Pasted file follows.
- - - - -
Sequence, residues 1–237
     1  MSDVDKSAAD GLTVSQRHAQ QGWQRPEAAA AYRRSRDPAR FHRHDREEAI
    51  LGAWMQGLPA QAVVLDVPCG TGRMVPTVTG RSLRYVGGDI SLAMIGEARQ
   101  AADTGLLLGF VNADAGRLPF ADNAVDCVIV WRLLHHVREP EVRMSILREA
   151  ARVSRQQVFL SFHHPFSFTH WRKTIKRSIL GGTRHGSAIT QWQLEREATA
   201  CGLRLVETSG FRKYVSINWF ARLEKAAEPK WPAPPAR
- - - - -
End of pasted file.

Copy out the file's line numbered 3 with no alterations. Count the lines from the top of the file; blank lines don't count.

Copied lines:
    51  LGAWMQGLPA QAVVLDVPCG TGRMVPTVTG RSLRYVGGDI SLAMIGEARQ